If you create informative and valuable content with your audience at the forefront of your mind, the rest will follow. Remember, it’s better to reach ten people that really need your product or service than 100 who couldn’t care less.

2. How will you turn traffic into leads?

It’s all very well attracting visitors to your website but visitors aren’t leads. It’s important to have conversion processes in place, which give people plenty of opportunities to provide their contact details (in exchange for an offer that is useful or interesting to them) so that they become leads.

For example, it’s good practice to include calls-to-action (CTA) at the bottom of your blog posts offering additional – and meatier - content, such as an eBook that relates to the topic of the post. If the reader wants to find out more, they simply click on the CTA and are taken to a landing page to access the offer via filling in a form.

This approach is often referred to as a "content upgrade". Writing on The Smart Passive Income Blog, Pat Flynn says: "A content upgrade is simply bonus content that people can get access to in exchange for their email address. Unlike traditional "site-wide" lead magnets, however, content upgrades are unique to the specific content that people are already reading or listening to on your site."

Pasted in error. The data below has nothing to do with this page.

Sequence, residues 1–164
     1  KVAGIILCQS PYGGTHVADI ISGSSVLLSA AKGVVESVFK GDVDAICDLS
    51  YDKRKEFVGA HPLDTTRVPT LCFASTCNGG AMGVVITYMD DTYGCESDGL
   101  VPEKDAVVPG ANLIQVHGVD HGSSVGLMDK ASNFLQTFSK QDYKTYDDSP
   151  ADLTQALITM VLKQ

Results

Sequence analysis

Ask your partner how they plan to implement an effective conversion strategy. For instance, how will they ensure your CTAs are compelling and that your landing pages achieve the desired outcome? How will they measure, analyse and improve, where appropriate, on conversion metrics?

Furthermore, you should establish exactly what contact data they will help you capture when gathering leads. This will vary depending on your sales & marketing and wider business goals. By tailoring your forms to your company's specific needs, you will be better placed to identify those leads that are the most promising. 

3. How will you nurture our leads?

You’ve gained a lead – or many leads – but the hard work isn’t over yet! This is the crux point – the moment when a person decides whether to begin to really consider you as an answer to their business challenge or not. So how will your partner work to make your leads sales-ready? 

Writing on HubSpot, Niti Shah says: "It takes a lot to turn a lead into a customer: multiple interactions on multiple channels, good third-party coverage and reviews, a solid sales team, and much more."